The Positivity of Being Angry, Tired, & Fed Up: A Life Lesson From Rosa Parks
“I had no idea history was being made. I was just tired of giving up.” -Rosa Parks
Rosa Parks didn’t refuse to give up her bus seat because she was in a spectacular mood, or because she had an exceptionally rare gift for standing up to people, or because she possessed a superhuman level of fearlessness, or because she felt called by God to pick one particular seat, or because she magically knew everything would turn out okay, or because it was a good time to rebel.
She refused to give up her bus seat because she was tired.
An entire nation was transformed because a woman got tired.
In your quest for inspiration, never underestimate the power of your frustration. Instead of forcing yourself to feel inspired, maybe it’s simply time for you to get tired.
This world could use a few more people who have the audacity to get fired up. Being a positive force for change has nothing to do with smiling naively at everything that happens as if the goal is to win points for how cheerful we look. To hell with guru-speak about how unenlightened it is to feel mad. Anger is as valuable as happiness in the hands of a creative person.
Clarifying misconceptions regarding her true motivation, Mrs. Parks made the following remark:
“People say I didn’t give up my seat cause I was tired…No, the only tired I was, was tired of giving in.”
The problem with our world isn’t that people are too angry, or too tired, or too fed up. The problem with our world is that we aren’t angry, tired, and frustrated enough to stop settling for less than what we truly love, what we truly deserve, and what we truly have the right and responsibility to pursue. We get angry enough to criticize, but not angry enough to create. We get tired enough to give in, but not tired enough to give a good fight. We get fed up enough to bemoan our limitations, but not fed up enough to battle for our possibilities. We’re angry, tired, and fed up enough to pout, but not angry, tired, and fed up enough to push back.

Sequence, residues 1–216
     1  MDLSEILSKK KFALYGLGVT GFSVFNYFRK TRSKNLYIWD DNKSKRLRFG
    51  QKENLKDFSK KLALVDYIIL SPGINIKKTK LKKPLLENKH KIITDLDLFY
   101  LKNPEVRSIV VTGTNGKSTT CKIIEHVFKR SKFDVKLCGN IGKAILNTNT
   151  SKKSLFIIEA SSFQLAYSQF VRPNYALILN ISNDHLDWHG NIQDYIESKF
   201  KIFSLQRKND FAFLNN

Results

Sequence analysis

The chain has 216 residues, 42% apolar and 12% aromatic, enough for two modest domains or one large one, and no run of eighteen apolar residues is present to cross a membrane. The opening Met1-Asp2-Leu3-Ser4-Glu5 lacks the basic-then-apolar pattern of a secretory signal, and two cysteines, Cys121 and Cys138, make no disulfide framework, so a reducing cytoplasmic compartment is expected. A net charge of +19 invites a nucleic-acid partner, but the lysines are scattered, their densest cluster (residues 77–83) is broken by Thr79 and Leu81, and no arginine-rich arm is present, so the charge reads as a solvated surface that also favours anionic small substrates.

Our feelings of dissatisfaction and frustration aren’t the problem.
All emotions are capable of being assimilated into the creative process. Instead of trying to “purify yourself” of anger, explore the possibility of channeling your feelings along productive lines.
Frustration, when bottled up and suppressed, corrupts the soul. But when it’s redirected away from what is unwanted towards what is wanted, it becomes a powerful constructive force.
The same fire that can burn a house can also be harnessed to cook a meal. Like the forces of nature, our emotional energy can flow in more than one direction and serve many ends. The next time your emotional fires are stoked, look at it as an opportunity to harness creative energy.
In the same way you might use a burning candle to light a dead one, actively seek out ways to transfer the spark of those emotions towards areas in your life that need to be ignited.
We are not left to choose between resenting our moods or being stuck with them. What we call negative feelings can function as our greatest allies in manifesting the life we desire when we learn to work with them and not against them.
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T.K. Coleman is the co-founder and education director for Praxis, a 12-month apprenticeship program that combines a traditional liberal arts education with practical skills training, one-on-one coaching, academic mentoring, group discussions, professional development workshops, and real-world business experience. T.K. is an avid lover of ideas and blogs regularly on personal development, education, and philosophy.